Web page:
The Vikings head coach told Rich Eisen:
"Diggs did not have to go. We didn't really any intention of trading him. Quite honestly, he put out a couple tweets, and there's some things going on there. ... What happened was Buffalo came in and gave us all those picks, and we were up against it with the salary cap, so we just felt like we could save some money, get a bunch of picks and maybe get a young receiver like [Justin Jefferson]."
The Bills sent first-, fifth- and sixth-round picks in 2020 and a fourth-round pick in 2021 to Minnesota for Diggs and a seventh-rounder. There had been longstanding rumors that Diggs wanted out of Minnesota, including a March 16 tweet that called for a "new beginning."
The Vikings traded him soon after. Despite Diggs' public frustrations with the team, Zimmer said he would not categorize him as a "pain in the butt."
"If you said somebody was a pain in the butt, you probably wouldn't say him," Zimmer said. "I've been around way worse guys than him, and I hope he has a great career and finishes up strong."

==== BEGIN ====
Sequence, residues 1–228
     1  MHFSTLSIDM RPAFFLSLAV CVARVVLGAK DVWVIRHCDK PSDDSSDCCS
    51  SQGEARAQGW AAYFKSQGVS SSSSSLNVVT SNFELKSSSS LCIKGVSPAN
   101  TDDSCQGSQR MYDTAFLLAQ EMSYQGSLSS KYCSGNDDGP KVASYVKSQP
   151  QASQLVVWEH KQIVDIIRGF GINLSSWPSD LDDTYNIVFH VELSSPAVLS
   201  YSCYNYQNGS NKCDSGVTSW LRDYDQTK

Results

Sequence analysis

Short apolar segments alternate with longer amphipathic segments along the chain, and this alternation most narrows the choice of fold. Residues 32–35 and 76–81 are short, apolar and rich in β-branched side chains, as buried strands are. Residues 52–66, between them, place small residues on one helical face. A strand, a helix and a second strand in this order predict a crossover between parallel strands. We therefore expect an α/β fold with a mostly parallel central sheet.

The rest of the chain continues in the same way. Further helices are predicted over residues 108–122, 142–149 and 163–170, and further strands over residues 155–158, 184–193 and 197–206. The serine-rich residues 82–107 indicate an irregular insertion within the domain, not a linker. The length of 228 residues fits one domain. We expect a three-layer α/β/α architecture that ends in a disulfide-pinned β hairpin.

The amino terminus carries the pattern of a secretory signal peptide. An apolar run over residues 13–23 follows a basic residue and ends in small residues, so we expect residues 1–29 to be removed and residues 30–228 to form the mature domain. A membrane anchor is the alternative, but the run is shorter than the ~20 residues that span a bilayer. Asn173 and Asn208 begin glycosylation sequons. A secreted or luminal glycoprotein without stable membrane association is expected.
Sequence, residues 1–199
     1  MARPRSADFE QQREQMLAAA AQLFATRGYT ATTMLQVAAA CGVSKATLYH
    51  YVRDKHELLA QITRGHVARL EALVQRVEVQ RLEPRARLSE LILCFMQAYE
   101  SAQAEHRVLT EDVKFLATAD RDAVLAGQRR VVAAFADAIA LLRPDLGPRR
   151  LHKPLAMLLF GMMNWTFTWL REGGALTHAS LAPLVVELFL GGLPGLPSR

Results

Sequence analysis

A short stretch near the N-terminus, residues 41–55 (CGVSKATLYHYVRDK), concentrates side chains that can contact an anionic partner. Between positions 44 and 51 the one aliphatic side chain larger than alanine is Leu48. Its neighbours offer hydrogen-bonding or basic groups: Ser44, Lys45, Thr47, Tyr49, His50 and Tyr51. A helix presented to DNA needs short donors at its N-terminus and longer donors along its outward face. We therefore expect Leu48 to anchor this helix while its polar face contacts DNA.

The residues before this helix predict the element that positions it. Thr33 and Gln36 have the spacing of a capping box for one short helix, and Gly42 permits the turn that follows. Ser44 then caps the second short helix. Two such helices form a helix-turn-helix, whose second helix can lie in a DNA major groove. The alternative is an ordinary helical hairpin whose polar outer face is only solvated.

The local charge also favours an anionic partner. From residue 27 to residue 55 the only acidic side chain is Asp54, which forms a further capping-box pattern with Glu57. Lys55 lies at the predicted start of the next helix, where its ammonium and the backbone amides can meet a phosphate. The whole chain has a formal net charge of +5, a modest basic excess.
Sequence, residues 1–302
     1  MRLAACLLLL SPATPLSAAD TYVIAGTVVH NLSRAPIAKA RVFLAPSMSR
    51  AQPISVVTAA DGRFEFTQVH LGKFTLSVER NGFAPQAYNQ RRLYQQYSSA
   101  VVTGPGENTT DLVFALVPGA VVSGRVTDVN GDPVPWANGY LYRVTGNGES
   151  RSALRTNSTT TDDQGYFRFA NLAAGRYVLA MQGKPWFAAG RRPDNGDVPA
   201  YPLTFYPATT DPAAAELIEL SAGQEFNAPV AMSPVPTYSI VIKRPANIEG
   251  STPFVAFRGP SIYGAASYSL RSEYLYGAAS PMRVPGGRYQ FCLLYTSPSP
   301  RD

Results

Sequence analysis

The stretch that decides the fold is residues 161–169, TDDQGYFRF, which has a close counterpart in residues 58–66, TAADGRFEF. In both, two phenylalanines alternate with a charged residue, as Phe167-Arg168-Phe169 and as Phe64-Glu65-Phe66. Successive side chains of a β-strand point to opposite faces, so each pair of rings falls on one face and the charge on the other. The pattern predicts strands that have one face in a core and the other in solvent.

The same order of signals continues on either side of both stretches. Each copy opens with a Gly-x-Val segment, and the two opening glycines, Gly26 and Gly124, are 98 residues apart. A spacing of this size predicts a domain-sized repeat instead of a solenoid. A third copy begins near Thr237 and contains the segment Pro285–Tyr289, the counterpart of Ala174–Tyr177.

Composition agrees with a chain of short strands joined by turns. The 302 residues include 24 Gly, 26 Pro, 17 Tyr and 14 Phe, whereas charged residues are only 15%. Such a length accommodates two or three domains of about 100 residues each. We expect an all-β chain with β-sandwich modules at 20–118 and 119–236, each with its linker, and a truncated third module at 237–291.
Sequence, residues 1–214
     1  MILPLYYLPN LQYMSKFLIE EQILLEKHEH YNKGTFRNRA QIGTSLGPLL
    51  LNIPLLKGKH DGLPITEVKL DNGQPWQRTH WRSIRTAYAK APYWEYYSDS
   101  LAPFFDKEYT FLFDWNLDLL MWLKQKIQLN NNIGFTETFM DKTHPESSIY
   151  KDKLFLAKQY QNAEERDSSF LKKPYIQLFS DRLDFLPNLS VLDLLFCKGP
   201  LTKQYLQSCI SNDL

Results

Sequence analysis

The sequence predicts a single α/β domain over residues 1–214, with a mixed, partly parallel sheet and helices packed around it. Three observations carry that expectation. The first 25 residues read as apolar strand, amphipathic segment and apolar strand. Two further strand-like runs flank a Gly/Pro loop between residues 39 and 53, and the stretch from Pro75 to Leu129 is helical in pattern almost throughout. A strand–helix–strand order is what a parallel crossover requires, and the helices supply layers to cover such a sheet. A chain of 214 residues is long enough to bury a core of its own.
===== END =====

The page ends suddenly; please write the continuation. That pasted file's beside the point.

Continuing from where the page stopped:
Minnesota's haul for Diggs instantly looked like a major win after the Houston Texans sent DeAndre Hopkins, a superior receiver in every respect, to the Arizona Cardinals without receiving a first-round pick in exchange. While there were mitigating circumstances in Houston—namely the questionable job Bill O'Brien is doing in running the front office—the Bills paid a hefty price for Diggs.
The Vikings will hope Jefferson can build on his brilliant junior season at LSU and replace Diggs as Kirk Cousins' No. 2 receiver behind Adam Thielen. Jefferson compiled 111 receptions for 1,540 yards and 18 touchdowns in 2019 on his way All-SEC second-team honors.
The Bills are banking on Diggs' presence being the thing that helps turn Josh Allen into a viable NFL passer in his third season.